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Larry (from OSHA)

Larry (from OSHA)

Joined on November 24, 2003

Last Post on January 6, 2014

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Would there be

@ November 15, 2003 1:19 AM in indirect DHW

a measurable performance difference using 1" copper to run from the boiler to the dhw tank as opposed to 3/4". The hx is 3/4" as are the connections. The tank will be placed right next to the boiler. The tank to be used is the Bradford White PowerCor. Any thoughts are most welcome. Thanks Larry

Now that I've got outdoor reset,

@ November 7, 2003 9:28 PM in flue gas condensation

I'd like to figure out how to proceed. I do not think that I can take full advantage of my outdoor reset control without considerable piping changes to my fairly simple system. I've got a weil mclain induced draft boiler (HE Series 2). 3 zones with zone valves. 1 taco 007 on the return side. No bypass. A basic on demand system. The reset control is the honeywell aq475a controller which appears to have a tekmar chip on it. Here is the issue: the controller won't go into reset mode unless boiler min. temp is set to off. The boiler needs 140 min supply temp per weil mclain. If I set it to a min boiler temp of 140 or so and a max of 180 or so I now have an aquatrol with a 40 degree differential as it goes to the high limit and coasts back to the min temp. If I set it to boiler low limit off, it works as an outdoor reset would be expected to, with lower max temps and coasting down to about 100 or less. My concern is that flue gas condensation will cause problems for the system. Does the induced draft help me in any way or am I still in a precarious situation? Stack temps are about 300+. I am assuming that since the cast sections are below 130 for some period of time, I'll get condensation and corrosion. This is nat gas by the way. My heating contractor will be installing an indirect fired dhw tank in a couple of weeks so he will be adding a zone for it and if there was ever a time to make changes, this is it. Also, the controller has a "feature" of running the circ for about 10 seconds after the call for heat is over to purge the boiler of some heat. Is dead heading the pump for 10 seconds ok or a problem? Your input is greatly appreciated. Thanks for your help, Larry in fairly frigid Minnesota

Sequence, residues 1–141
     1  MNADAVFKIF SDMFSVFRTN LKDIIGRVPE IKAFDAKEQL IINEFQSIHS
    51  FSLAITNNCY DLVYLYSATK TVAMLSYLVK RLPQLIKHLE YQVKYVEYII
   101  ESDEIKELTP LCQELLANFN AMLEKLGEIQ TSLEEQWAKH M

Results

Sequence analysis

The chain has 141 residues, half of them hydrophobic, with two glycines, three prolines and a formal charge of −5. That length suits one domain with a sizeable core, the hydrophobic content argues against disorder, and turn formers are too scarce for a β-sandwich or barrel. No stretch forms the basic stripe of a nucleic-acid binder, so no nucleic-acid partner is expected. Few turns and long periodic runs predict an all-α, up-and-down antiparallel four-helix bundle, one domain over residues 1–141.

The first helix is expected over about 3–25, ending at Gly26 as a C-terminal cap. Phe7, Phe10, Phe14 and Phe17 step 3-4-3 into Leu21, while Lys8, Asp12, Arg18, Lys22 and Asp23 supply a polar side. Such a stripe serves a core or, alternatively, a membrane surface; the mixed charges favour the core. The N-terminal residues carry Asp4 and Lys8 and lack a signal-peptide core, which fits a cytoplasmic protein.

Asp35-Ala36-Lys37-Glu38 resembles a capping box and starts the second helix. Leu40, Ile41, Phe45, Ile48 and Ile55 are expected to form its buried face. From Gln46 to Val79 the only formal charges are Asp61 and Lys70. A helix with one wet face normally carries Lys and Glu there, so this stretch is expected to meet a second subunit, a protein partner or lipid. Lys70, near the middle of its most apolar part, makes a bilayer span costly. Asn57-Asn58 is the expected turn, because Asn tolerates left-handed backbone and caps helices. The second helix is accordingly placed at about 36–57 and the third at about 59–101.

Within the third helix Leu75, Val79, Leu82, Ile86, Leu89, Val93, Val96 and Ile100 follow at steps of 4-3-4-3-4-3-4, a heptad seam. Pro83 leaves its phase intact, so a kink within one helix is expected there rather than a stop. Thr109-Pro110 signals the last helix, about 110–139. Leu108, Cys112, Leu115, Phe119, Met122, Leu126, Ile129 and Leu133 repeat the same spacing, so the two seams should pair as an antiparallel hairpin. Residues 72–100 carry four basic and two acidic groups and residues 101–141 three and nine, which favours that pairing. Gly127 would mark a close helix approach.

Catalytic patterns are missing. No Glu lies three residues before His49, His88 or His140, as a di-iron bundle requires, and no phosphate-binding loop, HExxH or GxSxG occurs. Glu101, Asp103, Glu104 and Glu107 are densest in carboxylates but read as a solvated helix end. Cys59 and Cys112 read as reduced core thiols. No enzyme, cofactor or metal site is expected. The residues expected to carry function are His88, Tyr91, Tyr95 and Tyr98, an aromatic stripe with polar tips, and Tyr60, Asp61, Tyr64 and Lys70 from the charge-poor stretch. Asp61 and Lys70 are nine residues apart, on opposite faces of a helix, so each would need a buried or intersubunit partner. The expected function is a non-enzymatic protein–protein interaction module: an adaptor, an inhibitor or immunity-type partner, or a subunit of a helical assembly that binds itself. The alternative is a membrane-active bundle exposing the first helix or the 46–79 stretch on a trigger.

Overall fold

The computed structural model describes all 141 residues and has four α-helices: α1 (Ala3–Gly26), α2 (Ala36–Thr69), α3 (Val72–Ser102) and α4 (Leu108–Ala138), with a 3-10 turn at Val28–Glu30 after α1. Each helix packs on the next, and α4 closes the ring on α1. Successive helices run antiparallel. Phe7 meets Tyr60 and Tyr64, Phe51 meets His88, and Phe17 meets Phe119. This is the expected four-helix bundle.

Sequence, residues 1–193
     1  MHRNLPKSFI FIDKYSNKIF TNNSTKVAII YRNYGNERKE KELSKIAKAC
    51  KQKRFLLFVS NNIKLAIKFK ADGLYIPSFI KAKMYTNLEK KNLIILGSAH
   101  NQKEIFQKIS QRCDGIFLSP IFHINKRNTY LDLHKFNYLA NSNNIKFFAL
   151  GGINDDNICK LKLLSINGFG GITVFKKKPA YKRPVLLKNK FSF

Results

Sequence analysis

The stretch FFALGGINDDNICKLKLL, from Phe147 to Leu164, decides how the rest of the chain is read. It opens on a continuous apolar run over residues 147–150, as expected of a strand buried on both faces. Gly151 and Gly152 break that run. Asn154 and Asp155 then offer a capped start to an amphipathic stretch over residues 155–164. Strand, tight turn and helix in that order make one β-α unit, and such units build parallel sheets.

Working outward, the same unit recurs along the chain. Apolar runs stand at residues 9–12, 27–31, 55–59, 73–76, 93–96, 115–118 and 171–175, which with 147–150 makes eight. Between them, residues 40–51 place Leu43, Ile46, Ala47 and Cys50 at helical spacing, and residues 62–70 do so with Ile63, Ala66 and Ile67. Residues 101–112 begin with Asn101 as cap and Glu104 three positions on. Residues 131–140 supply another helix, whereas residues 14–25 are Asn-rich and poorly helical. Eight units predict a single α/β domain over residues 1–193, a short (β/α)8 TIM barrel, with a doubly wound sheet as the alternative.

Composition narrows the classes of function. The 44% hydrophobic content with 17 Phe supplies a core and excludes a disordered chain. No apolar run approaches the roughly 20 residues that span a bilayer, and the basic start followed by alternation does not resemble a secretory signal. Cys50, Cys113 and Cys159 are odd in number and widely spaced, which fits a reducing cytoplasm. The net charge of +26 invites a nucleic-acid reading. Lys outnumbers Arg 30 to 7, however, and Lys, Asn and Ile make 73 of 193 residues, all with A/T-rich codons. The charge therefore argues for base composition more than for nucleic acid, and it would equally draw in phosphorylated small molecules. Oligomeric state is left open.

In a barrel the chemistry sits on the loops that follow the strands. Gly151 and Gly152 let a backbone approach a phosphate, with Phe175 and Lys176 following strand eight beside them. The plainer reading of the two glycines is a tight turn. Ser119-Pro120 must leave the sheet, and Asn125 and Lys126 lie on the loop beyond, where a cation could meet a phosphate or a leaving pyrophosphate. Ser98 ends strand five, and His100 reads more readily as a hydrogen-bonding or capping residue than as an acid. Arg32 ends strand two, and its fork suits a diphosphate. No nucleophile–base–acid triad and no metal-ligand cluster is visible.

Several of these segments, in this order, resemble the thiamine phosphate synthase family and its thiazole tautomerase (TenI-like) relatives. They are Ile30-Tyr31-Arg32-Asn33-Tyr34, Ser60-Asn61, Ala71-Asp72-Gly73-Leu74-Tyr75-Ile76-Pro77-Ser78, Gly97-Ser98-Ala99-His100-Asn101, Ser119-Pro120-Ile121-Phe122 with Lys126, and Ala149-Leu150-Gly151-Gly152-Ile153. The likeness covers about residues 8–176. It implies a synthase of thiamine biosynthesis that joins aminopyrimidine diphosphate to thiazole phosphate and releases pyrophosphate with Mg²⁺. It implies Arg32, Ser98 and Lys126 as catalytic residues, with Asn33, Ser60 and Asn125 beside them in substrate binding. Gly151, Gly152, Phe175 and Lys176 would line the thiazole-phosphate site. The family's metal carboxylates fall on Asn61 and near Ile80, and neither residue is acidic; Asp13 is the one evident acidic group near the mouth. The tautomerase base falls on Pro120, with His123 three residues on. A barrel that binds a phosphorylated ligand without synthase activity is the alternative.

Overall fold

dilution and ventilation

@ October 24, 2003 8:38 PM in Carbon Monoxide

the more air you move through the space, the less concentration you will have. the object is to not be generating any. if you have levels above nothing, you need to have a professional heating person look at your system right away. DO NOT MESS WITH THIS. Every year we read in the paper about deaths or severe illness from CO poisoning. Good luck Larry

things that go bump in the night

@ October 24, 2003 8:30 PM in Propert Boiler Pressure

to start with, i'm not a wet heat professional. as a home onwner i've had the opportunity to learn a lot from making my own mistakes and from advice from people who do this stuff for a living. it sounds like you have air in your system and you may have some pipes moving from expansion. these things can make some creepy sounds. i had the same experience 12 years ago when we moved into our current home with fin tube baseboards. that said, my own personal opinion is that you find a heating professional who knows systems like the one that you have. pay a few bucks, pick his brain, and live happily ever after. Good luck, Larry

bad air

@ October 24, 2003 8:02 PM in Carbon Monoxide

carbon monoxide has approximately the same weight as the rest of the air around us. The molecular weight may be a little bit different, but not enough to split hairs about. The points to consider are that the allowable maximums are as follows: the 8 hour time weighted average maximum exposure is 35 ppm. The 5 minute maximum is 200 ppm. NIOSH studies have shown that ill effects can be observed at exposures of 75 ppm. or above. The bottom line is that CO is nothing to mess with. As all of you good folks know, proper combustion system tuning is critical for not only energy efficiency, but for life safety as well. I don't mean to drone on but, these safety issues are near and dear to me. All the best as we enter this heating season, Larry

are you digging deep?

@ October 21, 2003 10:22 PM in cutting clay pipe

By any chance, are you opening a trench 5 or more feet deep? If so, please make sure you slope it correctly for the type of soil or provide some shoring to prevent a collapse. Work safely and make sure you and your co-workers go home to your families every night. I've seen the results of not doing it right, and it isn't pretty. Good luck Larry

are you digging deep?

@ October 21, 2003 10:21 PM in cutting clay pipe